A case pending before the Supreme Court could potentially reverse the 1984 Chevron U.S.A., Inc. v. Natural Resources Defense Council, Inc, ruling that resulted in the Chevron doctrine.
In essence, the Chevron doctrine says “courts should defer to a federal agency’s interpretation of an ambiguous statute as long as that interpretation is reasonable.”
A group of New Jersey fishermen, however, contend the Commerce Department imposing obtuse monitoring fees on them without Congressional approval isn’t reasonable. There’s a funding scheme in place, the fishermen’s lawyers argue, that forces them to fork over about 20% of their pay to third-party National Oceanic and Atmospheric Administration (NOAA) Fisheries observers. Congress, however, has never mandated commercial fishermen to report to observers.
The fishing companies petitioned SCOTUS in November and asked them to weigh in on overturning the Chevron doctrine. Ultimately, the justices have agreed to take up a case involving Question 2 of the doctrine.
Thirty-eight groups—including Independent Women’s Law Center—have filed amicus briefs in support of the fishermen. They argue SCOTUS should overturn or severely defang abuse by governmental agencies like the Commerce Department. The case, Loper Bright Enterprises v. Raimondo, could be argued before SCOTUS as early as fall 2023.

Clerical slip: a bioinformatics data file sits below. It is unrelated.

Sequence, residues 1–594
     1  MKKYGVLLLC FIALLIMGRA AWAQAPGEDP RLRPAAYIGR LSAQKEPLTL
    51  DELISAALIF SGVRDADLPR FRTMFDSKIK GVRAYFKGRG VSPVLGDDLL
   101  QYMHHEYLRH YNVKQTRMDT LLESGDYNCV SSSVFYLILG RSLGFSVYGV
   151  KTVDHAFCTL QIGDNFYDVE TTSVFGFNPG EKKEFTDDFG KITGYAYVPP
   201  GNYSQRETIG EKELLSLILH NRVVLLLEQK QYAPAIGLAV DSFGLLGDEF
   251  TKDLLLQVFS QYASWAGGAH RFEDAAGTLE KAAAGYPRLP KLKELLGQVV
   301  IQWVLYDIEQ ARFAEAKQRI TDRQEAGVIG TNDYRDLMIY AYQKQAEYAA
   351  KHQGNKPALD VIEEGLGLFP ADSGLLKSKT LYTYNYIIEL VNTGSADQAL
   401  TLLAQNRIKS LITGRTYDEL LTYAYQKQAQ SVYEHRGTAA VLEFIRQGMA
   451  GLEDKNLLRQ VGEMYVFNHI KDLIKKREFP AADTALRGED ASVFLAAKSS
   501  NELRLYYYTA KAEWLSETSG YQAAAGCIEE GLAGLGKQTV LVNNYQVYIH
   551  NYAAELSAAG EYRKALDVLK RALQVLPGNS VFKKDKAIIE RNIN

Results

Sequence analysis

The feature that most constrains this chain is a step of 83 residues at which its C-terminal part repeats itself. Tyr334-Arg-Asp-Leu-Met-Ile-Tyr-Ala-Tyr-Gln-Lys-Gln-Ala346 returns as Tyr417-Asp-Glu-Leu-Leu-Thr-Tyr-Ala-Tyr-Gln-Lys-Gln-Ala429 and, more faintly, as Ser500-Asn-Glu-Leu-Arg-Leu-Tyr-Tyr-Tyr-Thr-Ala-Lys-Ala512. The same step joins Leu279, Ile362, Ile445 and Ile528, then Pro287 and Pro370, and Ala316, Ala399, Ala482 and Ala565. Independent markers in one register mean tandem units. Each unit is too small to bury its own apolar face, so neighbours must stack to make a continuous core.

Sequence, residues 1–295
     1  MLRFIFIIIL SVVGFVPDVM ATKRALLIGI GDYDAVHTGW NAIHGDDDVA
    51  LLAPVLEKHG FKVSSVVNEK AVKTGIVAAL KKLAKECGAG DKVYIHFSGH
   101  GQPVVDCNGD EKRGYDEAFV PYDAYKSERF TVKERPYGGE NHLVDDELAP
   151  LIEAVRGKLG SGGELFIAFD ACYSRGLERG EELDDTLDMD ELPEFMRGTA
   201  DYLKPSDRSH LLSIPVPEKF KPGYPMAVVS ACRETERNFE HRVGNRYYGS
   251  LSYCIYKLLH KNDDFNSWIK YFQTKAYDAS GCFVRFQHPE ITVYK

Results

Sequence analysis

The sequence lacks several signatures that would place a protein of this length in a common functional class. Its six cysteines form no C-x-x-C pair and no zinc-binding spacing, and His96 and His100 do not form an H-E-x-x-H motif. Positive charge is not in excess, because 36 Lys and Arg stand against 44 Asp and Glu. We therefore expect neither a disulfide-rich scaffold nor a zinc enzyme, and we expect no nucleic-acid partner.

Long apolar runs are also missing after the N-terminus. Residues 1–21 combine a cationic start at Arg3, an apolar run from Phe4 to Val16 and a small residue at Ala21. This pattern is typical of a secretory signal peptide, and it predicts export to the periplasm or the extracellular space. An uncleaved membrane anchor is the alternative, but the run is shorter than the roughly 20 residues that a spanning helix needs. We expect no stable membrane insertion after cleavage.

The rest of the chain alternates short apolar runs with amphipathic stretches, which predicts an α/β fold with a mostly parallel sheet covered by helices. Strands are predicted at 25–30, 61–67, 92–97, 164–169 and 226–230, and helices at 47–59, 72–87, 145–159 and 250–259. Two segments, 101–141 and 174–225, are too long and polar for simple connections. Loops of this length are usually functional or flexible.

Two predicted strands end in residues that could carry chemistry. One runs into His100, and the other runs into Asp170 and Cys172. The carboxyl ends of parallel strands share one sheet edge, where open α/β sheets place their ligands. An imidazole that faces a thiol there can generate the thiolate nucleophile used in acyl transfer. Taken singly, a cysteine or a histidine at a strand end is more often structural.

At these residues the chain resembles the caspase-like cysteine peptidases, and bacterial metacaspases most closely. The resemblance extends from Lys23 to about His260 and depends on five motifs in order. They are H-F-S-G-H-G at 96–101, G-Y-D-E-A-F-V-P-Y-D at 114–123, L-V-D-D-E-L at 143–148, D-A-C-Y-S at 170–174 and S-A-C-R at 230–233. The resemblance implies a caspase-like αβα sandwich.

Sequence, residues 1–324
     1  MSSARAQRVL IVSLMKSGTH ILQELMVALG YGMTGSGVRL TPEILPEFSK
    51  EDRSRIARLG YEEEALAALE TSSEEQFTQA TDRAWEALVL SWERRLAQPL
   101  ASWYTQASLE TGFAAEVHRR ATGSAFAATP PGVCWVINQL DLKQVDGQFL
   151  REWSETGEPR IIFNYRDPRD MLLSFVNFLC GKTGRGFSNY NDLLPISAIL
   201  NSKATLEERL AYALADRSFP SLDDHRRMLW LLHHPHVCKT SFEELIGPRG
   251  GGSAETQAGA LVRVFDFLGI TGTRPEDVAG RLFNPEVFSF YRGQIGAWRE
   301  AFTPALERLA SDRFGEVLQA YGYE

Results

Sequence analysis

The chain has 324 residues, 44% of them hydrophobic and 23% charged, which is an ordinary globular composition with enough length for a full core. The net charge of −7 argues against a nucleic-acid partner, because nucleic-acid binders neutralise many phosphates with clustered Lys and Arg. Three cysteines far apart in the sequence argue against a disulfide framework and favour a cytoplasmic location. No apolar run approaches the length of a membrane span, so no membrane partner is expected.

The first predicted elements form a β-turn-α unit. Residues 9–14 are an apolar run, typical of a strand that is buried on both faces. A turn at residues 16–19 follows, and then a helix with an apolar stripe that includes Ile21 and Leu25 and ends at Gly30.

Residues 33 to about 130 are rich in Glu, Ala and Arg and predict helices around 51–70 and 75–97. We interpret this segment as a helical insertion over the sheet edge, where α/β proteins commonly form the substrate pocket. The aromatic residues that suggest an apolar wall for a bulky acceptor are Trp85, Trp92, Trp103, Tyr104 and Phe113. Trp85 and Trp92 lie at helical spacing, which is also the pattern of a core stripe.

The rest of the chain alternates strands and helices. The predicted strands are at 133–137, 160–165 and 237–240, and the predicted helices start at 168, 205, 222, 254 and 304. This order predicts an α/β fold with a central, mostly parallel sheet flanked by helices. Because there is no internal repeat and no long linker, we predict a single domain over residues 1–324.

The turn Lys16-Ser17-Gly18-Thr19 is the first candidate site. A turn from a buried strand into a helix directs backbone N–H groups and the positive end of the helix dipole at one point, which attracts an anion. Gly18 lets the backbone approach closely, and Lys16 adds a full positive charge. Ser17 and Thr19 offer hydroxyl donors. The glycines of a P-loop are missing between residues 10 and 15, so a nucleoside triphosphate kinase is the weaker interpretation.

The potential challenge to the Chevron doctrine parallels the Major Questions Doctrine invoked in the seminal West Virginia vs. EPA case. IWF Center for Energy and Conservation Director Mandy Gunasekara recently discussed how the provision can generally curb regulatory abuses:
The biggest legal elephant in the room is the West Virginia v. EPA decision that invoked the ‘major questions’ doctrine. Specifically, the Supreme Court made clear that agencies must point to ‘clear Congressional authorization’ if they take actions of ‘vast economic or political significance.’ One can argue in this instance that the EPA does not have the ability to restructure the entire transportation industry in the same way the agency did not have the ability to redesign entire energy markets in the West Virginia case.
The Biden administration is exceeding its powers as they attempt to govern by regulatory fiat.